You start with good looseleaf tea! A good looseleaf tea will as a biproduct give you multible infusions as a bonus. I never add more green tea leaf in order to get multible infusions. And some teas will deliver 2-3-4 infusions. It will vary from tea to tea.

Another issue is the density of the leaf. This varies considerably from tea to tea. For instance gunpowder green is very dense while long jing is considerably less dense. Therefore, you need to use more leaf VOLUME when brewing a less dense tea like long jing. This takes a little experience to determine how much leaf to use.

I use an inexpensive digital scale almost everytime I brew tea...this is not for everyone. For me it has greatly improved the consistant level of great tea sessions, especially high quality Japanese greens. But I know how much leaf weight I am going to use for each of my teas. This is a different approach, but I feel it is the leaf weight that you use that is more critical than the volume of leaf.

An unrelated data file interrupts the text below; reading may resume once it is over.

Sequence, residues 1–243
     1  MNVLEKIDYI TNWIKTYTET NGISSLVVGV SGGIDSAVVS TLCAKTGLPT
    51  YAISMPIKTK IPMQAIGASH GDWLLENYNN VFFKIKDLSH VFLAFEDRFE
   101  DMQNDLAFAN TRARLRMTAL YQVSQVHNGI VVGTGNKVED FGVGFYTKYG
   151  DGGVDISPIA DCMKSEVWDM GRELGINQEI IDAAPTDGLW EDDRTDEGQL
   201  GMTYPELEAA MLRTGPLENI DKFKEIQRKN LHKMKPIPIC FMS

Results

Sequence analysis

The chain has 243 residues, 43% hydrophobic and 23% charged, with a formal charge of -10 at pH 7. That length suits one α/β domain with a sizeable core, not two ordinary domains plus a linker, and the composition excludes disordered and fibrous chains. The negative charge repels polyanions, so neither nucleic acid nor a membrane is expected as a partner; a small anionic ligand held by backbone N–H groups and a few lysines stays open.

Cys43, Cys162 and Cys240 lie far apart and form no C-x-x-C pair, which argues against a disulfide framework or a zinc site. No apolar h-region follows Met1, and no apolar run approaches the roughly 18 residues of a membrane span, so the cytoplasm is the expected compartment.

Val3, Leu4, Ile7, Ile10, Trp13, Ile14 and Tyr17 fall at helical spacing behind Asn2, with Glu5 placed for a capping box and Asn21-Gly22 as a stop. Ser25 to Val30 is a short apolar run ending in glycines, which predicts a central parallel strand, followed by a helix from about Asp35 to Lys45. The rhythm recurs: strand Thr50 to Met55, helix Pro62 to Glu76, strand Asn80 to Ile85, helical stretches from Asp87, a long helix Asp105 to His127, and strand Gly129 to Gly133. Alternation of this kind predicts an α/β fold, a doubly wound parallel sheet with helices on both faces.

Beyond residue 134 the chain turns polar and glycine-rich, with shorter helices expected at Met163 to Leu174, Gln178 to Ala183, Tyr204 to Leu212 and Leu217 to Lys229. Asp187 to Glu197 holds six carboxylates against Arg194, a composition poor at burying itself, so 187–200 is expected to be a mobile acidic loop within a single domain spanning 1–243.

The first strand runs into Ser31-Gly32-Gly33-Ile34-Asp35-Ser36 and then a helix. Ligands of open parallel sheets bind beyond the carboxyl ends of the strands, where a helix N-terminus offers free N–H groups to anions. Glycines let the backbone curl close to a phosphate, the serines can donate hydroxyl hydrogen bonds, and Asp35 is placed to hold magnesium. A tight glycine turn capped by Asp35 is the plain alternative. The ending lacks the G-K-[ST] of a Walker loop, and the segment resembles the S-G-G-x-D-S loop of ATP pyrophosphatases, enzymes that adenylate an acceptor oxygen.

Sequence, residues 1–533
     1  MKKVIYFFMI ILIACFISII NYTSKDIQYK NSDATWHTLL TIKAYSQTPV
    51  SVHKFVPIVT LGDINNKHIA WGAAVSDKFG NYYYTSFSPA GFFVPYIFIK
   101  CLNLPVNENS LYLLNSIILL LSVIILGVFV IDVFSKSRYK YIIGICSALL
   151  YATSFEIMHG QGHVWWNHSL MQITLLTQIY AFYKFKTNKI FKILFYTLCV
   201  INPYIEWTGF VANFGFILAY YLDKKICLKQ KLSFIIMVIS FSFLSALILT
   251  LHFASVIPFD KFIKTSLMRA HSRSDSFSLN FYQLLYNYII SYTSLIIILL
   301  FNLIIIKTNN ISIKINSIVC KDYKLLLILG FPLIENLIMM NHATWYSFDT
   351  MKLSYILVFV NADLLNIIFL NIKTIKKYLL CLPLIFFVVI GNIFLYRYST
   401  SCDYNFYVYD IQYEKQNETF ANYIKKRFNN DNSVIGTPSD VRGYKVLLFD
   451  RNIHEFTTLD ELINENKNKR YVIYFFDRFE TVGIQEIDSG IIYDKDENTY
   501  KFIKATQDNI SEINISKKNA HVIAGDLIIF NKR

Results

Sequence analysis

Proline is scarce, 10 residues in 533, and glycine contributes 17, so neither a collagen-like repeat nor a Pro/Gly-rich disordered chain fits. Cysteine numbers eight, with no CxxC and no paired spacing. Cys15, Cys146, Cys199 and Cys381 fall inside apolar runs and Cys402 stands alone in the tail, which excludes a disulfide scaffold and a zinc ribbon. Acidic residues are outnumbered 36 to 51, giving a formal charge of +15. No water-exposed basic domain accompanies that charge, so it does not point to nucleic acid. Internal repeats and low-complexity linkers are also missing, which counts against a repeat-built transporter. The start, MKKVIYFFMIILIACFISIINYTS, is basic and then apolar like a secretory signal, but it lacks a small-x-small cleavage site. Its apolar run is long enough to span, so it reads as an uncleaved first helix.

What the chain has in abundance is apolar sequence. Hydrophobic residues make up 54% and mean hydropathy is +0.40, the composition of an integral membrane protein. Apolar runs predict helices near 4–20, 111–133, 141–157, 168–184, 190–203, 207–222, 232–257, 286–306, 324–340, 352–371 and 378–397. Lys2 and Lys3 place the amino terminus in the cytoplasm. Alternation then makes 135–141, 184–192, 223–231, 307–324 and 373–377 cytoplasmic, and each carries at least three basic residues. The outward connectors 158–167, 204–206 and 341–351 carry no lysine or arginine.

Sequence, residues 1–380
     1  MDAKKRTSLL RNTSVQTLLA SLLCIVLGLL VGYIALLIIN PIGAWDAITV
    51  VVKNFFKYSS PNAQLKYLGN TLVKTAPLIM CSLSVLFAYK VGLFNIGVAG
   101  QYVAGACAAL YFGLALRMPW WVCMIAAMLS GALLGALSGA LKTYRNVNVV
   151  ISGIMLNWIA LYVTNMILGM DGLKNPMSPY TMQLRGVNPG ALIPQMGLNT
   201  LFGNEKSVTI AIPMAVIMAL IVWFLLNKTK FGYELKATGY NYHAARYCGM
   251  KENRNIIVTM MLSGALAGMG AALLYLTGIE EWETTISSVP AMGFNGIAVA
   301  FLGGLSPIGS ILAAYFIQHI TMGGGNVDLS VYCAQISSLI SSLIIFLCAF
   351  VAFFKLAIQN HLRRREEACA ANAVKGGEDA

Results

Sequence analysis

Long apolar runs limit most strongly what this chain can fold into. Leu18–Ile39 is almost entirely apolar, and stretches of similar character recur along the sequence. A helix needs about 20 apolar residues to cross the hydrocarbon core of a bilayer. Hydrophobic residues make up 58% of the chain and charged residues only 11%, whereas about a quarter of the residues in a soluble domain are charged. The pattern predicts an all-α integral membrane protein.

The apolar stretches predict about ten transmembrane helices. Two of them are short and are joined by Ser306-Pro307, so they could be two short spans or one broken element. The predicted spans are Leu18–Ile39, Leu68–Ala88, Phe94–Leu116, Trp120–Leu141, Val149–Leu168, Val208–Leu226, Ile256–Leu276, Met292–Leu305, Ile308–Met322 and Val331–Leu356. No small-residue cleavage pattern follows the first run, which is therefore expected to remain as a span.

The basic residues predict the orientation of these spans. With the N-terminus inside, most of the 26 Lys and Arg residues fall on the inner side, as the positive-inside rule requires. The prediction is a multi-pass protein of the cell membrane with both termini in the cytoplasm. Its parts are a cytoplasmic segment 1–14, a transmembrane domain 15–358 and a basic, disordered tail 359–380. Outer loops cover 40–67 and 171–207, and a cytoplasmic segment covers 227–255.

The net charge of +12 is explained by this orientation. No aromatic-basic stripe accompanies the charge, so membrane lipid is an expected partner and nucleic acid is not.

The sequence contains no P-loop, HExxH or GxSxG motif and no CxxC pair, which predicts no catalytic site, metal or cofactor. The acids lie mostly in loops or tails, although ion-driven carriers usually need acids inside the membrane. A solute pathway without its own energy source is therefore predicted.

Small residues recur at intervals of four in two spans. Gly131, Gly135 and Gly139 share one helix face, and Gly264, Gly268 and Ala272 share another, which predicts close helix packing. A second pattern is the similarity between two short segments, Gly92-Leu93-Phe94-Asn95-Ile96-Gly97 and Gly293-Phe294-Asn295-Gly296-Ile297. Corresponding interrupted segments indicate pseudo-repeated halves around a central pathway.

Of course oolong is a different story altogether...if you are brewing gong fu style, you use a lot of leaf and can sometimes drink the same tea all day. But even for oolong gong fu style, I weigh because a rolled oolong leaf like Dong Ding oolong is considerably more dense than an unrolled oolong like most Wuyi or Dan Cong oolongs.

And steep times also vary considerably from tea to tea. So you must experiment to find your ideal brew length from tea to tea. Although, most nonblack teas I start at a minute and adjust from there. A shorter first steep not only prevents overbrewing and bitterness, but also fascilitates multible infusions.